Centering Justice in Environmental Issues: A Young Alum's Journey

Picture of Blythe Coleman-Mumford

Blythe Coleman-Mumford’s (’17) current job at Partnership for Southern Equity as the just energy coordinator is emblematic of her engagements during her time at Smith—and before, in her hometown of Oberlin, Ohio. There, Blythe led the student-run community garden at her high school and was deeply inspired by the local food activists in the Cleveland area. Empowered by the work she was doing and driven by her own experience living with Type 1 diabetes, Blythe wanted to continue exploring her passion for urban agriculture and sustainable, healthy living. Combining Smith’s environmental science and policy major with a sustainable food concentration allowed her to do just that.

For Blythe, the environmental science and policy (ES&P) major offered the science courses she knew she needed as a foundation for her field as well as the freedom to take courses that related to her other interests. One course that was pivotal to understanding her own purpose and passion was Professor Liz Pryor’s The Emancipation and the Afterlife of Slavery. At the time, Blythe was trying to find ways to connect her studies in ES&P to histories of racial injustice and oppression. The course helped her to realize how the history of racial injustice is deeply linked to all issues of the environment and sustainability. This understanding solidified her commitment to serve Black communities and fight for racial justice through issues of sustainability.

One course that was pivotal to understanding her own purpose and passion was Professor Liz Pryor’s The Emancipation and the Afterlife of Slavery. 

She put this commitment into practice through a Praxis internship at the Truly Living Well Center for Natural Urban Agriculture in Atlanta, Georgia, for her sustainable food concentration. The center aligned with her interests in urban agriculture and food justice, and gave her the profound opportunity to work with Maurice Small, who had first inspired her in high school. Blythe intentionally intersected with Small again during her time at Smith through SCOPES, a student organization she co-founded to bring more conversations about intersectionality into the environmental and other science majors. She brought Small to campus for a conversation with students. The event, “Growing in Confined Spaces: A Lecture, Panel and Workshop,” created a space to not only discuss urban gardening practices, but also consider what it means to be a person of color in the environmental movement.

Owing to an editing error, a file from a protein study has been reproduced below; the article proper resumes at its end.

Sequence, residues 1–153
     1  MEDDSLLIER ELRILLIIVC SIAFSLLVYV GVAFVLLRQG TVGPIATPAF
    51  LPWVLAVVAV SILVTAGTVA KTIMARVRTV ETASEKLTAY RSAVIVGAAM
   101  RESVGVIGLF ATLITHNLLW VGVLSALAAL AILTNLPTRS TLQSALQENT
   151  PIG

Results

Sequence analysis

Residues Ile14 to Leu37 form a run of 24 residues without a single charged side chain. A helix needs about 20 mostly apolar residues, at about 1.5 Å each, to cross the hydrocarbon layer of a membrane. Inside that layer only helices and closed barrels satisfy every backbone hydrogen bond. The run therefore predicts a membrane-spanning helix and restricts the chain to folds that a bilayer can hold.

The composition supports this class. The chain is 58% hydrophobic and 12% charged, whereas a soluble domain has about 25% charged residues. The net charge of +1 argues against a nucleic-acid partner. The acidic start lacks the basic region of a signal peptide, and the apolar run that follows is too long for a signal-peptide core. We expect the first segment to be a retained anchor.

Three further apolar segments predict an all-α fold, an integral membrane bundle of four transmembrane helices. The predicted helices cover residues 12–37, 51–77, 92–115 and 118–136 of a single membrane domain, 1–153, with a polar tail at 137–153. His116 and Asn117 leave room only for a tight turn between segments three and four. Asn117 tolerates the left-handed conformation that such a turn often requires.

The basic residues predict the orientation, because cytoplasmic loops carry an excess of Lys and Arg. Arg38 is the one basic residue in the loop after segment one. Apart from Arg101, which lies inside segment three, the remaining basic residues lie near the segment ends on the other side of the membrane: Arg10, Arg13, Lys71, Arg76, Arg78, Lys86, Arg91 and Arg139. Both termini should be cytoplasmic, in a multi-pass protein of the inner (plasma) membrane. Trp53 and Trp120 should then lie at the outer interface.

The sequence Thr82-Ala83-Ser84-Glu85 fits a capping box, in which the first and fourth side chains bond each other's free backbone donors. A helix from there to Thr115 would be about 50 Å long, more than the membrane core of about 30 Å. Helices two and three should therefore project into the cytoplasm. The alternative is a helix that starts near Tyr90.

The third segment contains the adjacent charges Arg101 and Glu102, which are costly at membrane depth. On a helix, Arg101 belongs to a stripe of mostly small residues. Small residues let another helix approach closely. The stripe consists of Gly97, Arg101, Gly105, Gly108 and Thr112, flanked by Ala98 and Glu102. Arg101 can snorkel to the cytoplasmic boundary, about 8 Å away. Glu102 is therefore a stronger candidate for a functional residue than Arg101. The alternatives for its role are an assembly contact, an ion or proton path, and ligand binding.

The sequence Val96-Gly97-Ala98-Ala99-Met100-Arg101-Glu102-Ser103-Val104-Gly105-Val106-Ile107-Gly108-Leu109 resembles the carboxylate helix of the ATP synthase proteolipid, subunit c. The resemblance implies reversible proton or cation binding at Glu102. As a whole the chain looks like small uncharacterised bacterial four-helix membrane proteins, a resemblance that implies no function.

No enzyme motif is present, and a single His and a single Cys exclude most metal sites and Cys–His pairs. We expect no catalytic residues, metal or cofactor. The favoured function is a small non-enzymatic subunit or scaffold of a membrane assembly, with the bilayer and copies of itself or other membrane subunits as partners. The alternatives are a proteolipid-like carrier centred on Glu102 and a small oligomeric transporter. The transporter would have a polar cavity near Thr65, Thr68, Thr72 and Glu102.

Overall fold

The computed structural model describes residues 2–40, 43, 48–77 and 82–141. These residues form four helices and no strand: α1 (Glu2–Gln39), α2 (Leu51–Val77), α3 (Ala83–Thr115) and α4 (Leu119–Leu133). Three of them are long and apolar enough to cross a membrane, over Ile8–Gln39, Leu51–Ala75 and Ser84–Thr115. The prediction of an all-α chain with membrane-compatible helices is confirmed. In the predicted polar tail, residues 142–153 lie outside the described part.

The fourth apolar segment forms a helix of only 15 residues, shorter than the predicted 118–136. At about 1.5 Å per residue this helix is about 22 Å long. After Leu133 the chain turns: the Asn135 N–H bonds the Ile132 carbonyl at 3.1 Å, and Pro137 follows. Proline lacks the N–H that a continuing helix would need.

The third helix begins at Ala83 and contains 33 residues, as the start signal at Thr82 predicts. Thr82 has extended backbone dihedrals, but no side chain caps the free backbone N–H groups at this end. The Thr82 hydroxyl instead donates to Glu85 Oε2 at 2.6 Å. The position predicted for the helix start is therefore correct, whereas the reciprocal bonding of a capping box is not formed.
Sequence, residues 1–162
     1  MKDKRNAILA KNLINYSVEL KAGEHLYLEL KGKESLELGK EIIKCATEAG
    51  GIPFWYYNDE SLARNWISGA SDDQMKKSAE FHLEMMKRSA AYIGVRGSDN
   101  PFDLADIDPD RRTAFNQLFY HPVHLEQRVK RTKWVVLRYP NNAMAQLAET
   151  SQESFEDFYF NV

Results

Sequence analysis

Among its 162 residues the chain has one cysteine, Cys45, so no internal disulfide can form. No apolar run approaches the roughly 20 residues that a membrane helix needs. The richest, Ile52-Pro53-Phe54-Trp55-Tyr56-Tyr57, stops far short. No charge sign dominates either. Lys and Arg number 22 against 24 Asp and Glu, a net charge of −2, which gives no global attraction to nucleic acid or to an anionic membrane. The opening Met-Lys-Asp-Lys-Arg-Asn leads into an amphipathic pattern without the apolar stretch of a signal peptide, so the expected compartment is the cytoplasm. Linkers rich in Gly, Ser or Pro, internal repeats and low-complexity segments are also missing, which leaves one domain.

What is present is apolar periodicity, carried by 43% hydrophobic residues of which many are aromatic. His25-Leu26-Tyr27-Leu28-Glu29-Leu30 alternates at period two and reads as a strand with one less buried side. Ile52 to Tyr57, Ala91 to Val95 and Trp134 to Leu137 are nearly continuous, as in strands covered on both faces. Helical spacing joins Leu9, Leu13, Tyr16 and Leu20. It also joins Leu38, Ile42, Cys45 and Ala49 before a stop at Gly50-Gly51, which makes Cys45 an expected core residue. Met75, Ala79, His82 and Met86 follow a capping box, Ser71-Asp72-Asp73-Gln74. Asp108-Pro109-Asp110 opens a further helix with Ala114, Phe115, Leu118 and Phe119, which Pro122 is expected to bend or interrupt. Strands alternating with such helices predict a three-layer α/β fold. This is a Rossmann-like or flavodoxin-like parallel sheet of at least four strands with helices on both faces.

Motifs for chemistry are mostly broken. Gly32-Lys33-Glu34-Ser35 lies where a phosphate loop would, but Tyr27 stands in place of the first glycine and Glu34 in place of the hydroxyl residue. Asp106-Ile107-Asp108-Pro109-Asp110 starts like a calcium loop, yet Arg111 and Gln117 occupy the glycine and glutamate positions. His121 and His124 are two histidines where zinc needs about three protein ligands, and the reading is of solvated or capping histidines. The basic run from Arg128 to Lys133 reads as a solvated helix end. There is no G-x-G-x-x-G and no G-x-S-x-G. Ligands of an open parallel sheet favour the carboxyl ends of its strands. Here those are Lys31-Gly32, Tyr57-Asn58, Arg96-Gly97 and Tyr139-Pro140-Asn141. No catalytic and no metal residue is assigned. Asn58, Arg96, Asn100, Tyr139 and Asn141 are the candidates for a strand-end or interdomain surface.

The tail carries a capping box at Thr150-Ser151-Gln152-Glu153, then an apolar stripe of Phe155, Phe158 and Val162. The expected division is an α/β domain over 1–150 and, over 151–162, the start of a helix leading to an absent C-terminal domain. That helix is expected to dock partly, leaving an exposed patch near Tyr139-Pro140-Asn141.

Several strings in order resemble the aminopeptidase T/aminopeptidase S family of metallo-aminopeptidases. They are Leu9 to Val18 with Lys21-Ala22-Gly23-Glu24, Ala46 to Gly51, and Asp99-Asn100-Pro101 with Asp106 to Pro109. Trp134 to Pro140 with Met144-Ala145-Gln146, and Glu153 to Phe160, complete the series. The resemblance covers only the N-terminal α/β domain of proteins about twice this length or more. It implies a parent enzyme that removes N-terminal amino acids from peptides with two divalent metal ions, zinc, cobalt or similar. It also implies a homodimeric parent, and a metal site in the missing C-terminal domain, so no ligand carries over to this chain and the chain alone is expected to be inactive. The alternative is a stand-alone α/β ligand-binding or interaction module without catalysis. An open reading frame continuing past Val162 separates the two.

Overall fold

Picture of the event with Maurice Small and students around a table

(the SCOPES event with Maurice Small)

Upon graduation, Blythe knew she wanted to return to the Atlanta area. She’d fallen in love with the community activism and energy around sustainability issues during her Praxis internship, and wanted to continue working for food justice. Her first jobs were at Georgia Organics and Sevananda Natural Foods Co-Op. Through those positions and by attending events in the area, she made connections that led her to her current role at the Partnership for Southern Equity. As the just energy coordinator, she works with her team to advocate for policies that create a more equitable energy system and to educate and empower residents around energy issues. She loves working in the community and being connected to the larger Southern community that’s working toward sustainability by centering on equity and justice.

As the just energy coordinator, she works with her team to advocate for policies that create a more equitable energy system and to educate and empower residents around energy issues.

Photo of Blythe and colleague at the USCAN Building Power subgroup Meeting,

(Blythe with a colleague at the USCAN Building Power Subgroup meeting)

Blythe knows she could not have landed where she is now without having her ears attuned to multiple conversations at once—as a leader, she knows that the loudest voices and conversations are not the only ones. She continues to remind herself to also find and listen to the smaller conversations going on around her—in her neighborhood and the larger community. She advises Smithies to do the same and to show up authentically and build relationships with others who have common values and purpose.

Blythe knows she could not have landed where she is now without having her ears attuned to multiple conversations at once—as a leader, she knows that the loudest voices and conversations are not the only ones.